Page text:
So why not just use an existing solution like Prolog? Well, first of all Prolog is relatively bloated. My language fits within under 1000 lines of code if you ignore the JSON parsing (less minus comments/whitespace). It is compiled to integer symbols so it avoids string manipulation and comparison. I only need a subset of Prolog's functionality, so it would be wasteful to include the entire thing. Moreover, Prolog is not sufficient on its own. I must carefully modify the deduction algorithms to support things like score maximization, and thus I must have a full understanding of the code involved. This would be much harder if I went in and tried to modify an existing Prolog implementation, and more error-prone due to the larger breadth Prolog has over my subset language.
The ultimate goal of this is to build an AI that can make logical deductions and perform surprising, emergent behavior based on things that are not explicitly scripted. The term I have been throwing around, as have some other games, is a "Game of Thrones" simulator - something capable of weaving together a complex plot in which every NPC has their own set of motivations.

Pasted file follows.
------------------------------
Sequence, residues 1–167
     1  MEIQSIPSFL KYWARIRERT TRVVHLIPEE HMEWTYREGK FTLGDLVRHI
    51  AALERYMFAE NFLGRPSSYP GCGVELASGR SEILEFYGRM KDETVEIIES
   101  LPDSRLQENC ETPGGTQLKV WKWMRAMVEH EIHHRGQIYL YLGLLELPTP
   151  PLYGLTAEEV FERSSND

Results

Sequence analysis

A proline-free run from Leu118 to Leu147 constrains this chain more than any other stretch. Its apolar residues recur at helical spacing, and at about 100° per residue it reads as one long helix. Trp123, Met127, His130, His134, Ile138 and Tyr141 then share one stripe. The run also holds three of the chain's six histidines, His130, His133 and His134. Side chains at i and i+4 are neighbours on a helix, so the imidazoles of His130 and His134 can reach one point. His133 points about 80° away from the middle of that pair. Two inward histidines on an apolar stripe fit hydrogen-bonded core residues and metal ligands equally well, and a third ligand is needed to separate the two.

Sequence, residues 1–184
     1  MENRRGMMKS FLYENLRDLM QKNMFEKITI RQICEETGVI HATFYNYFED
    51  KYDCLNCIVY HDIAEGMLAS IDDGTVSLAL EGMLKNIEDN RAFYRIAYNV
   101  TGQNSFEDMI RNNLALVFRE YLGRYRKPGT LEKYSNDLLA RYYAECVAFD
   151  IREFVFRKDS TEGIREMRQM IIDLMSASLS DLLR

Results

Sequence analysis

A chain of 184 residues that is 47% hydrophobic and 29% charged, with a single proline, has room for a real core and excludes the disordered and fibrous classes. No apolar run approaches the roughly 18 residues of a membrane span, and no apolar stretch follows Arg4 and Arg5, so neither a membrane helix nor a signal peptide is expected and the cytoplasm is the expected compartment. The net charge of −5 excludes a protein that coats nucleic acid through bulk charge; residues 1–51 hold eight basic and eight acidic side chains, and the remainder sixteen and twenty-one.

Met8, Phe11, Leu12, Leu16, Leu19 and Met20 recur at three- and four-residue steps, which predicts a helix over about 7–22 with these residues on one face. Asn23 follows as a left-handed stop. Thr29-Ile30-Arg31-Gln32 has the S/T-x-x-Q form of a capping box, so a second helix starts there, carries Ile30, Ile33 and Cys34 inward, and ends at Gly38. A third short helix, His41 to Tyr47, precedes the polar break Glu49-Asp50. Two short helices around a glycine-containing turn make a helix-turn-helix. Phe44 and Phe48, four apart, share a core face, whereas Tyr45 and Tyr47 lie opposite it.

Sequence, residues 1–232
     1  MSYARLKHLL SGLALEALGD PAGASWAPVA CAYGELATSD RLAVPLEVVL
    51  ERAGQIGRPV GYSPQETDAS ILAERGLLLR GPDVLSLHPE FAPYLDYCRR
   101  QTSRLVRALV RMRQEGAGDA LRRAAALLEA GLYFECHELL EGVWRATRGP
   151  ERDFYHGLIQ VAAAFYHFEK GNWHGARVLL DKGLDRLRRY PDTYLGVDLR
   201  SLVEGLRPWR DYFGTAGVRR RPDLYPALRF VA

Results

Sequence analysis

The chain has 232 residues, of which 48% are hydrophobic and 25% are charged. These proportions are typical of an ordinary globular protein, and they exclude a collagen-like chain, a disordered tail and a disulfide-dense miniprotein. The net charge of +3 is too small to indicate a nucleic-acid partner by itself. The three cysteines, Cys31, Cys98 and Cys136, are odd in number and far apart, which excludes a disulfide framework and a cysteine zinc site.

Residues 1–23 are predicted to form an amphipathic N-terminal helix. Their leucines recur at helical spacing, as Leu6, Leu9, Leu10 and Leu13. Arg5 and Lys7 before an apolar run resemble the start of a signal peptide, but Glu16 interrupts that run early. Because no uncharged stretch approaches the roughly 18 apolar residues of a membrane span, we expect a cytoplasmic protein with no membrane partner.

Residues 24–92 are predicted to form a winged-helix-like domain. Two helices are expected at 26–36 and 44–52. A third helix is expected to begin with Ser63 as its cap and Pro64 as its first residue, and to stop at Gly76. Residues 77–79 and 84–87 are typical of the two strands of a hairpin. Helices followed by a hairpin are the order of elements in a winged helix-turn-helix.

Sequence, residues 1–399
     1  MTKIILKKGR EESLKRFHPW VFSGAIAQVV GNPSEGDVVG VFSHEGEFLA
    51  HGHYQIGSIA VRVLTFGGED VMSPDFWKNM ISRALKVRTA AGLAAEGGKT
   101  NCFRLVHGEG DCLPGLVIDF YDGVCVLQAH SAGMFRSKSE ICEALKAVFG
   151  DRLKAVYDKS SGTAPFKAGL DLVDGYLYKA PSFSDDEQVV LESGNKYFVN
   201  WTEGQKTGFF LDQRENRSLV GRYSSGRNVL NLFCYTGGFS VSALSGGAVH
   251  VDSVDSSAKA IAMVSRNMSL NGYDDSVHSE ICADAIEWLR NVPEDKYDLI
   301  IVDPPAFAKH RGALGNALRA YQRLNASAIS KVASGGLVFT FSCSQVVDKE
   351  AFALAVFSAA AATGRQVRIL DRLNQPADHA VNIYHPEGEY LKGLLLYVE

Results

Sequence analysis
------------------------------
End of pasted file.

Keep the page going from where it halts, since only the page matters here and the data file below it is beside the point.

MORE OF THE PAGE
I also added in some billboarding to show sprites in the placeholder boxes, which makes it much easier to figure out what a given object is. Also reorganized all the items and added in placeholder NPCs and monsters. Art is by 7soul and available for purchase in most game dev asset stores.